Everyone who has teeth is at risk of getting cavities, but the following factors can increase risk:
Decay most often occurs in your back teeth (molars and premolars). These teeth have lots of grooves, pits and crannies that can collect food particles. As a result, they’re harder to keep clean than your smoother, easy-to-reach front teeth. Plaque can build and bacteria can thrive between your back teeth, producing the acid that destroys tooth enamel.
Certain foods and drinks.
Foods that cling to your teeth for a long time — such as milk, ice cream, honey, sugar, soda, dried fruit, cake, cookies, hard candy, breath mints, dry cereal, and chips — are more likely to cause decay than foods that are easily washed away by saliva.
Frequent snacking or sipping.
When you steadily snack or sip sodas, you give mouth bacteria more fuel to produce acids that attack your teeth and wear them down. And sipping soda or other acidic drinks throughout the day helps create a continual acid bath over your teeth.
Bedtime infant feeding.
Parents are encouraged not to give babies bedtime bottles filled with milk, formula, juice or other sugar-containing liquids. These beverages will remain on teeth for hours while your baby sleeps, providing food for decay-causing bacteria. This damage is often called baby bottle tooth decay. Letting a toddler who’s transitioning from a bottle wander around drinking from a sippy cup can cause similar damage.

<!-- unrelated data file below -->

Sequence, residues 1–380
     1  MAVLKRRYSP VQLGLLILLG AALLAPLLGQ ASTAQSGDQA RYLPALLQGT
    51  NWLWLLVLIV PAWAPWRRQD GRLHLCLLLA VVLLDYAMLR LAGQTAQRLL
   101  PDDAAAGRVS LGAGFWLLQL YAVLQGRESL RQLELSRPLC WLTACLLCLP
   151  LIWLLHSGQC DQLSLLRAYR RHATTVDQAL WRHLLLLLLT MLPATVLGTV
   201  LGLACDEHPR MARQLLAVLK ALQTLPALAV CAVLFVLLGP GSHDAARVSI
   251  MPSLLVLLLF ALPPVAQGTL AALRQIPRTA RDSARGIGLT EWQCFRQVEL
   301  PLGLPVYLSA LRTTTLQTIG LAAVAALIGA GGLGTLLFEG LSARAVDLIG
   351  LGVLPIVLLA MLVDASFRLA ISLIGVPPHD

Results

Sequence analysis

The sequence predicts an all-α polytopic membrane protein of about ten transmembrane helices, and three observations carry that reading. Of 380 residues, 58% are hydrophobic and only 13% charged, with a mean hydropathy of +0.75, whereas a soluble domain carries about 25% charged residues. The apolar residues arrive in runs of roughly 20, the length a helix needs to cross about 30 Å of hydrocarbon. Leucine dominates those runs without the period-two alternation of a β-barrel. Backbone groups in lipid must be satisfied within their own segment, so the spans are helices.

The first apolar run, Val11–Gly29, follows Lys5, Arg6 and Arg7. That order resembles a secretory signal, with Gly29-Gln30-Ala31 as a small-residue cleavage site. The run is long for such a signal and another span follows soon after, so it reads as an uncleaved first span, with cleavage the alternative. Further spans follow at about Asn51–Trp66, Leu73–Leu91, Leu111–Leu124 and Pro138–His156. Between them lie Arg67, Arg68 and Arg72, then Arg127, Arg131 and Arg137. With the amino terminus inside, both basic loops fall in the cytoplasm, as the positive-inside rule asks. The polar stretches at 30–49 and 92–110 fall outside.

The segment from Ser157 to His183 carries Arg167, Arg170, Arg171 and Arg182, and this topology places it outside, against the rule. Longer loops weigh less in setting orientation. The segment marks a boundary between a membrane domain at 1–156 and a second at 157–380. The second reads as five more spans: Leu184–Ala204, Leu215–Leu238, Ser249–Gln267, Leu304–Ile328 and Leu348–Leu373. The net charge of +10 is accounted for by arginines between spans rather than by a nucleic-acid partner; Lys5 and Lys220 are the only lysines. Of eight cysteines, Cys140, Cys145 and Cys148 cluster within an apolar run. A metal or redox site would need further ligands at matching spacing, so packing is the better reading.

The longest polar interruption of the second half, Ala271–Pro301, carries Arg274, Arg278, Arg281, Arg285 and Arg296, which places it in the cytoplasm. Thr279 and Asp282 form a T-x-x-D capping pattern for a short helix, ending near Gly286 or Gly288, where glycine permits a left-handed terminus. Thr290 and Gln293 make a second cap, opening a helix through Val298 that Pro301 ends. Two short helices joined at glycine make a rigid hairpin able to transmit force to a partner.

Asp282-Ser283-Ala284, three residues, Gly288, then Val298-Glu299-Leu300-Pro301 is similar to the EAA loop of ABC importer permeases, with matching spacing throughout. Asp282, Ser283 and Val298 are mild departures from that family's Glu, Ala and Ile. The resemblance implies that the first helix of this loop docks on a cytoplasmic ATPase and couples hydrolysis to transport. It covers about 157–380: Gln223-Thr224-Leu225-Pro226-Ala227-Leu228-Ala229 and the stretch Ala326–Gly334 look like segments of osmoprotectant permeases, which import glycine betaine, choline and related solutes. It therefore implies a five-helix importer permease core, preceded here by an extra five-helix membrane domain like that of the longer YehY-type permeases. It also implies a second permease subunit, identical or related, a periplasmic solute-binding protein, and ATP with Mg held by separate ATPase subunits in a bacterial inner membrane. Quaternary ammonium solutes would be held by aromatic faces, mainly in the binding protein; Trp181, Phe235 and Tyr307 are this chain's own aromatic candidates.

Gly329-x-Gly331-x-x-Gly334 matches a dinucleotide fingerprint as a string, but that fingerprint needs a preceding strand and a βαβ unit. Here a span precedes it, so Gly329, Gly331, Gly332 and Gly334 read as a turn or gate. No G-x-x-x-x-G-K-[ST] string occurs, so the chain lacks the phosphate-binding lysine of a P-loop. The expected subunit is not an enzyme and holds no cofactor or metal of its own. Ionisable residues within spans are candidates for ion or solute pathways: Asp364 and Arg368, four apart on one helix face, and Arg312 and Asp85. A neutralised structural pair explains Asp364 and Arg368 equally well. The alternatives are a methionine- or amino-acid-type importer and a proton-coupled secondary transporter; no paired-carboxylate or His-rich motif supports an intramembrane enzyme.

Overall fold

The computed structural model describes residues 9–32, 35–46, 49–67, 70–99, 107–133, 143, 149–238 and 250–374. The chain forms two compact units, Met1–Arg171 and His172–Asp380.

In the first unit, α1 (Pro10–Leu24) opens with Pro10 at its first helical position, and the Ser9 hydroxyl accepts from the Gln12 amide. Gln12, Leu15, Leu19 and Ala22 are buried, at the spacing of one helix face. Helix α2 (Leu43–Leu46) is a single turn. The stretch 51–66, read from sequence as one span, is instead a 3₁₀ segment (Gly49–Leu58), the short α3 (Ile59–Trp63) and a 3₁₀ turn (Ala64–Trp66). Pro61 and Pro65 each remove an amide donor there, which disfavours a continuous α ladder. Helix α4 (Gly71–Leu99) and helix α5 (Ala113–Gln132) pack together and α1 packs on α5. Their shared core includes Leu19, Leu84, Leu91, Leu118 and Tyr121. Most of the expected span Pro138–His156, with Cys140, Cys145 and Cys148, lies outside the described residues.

Not getting enough fluoride.
Fluoride, a naturally occurring mineral, helps prevent cavities and can even reverse the earliest stages of tooth damage. Because of its benefits for teeth, fluoride is added to many public water supplies. It’s also a common ingredient in toothpaste and mouth rinses. Bottled water may not contain fluoride.
Younger or older age.
In the United States, cavities are common in children and teenagers. Older adults also are at higher risk, as more of us keep our teeth as we age. Over time, teeth can wear down and gums may recede, making teeth more vulnerable to root decay. Older adults also may use more medications that reduce saliva flow, increasing the risk of tooth decay.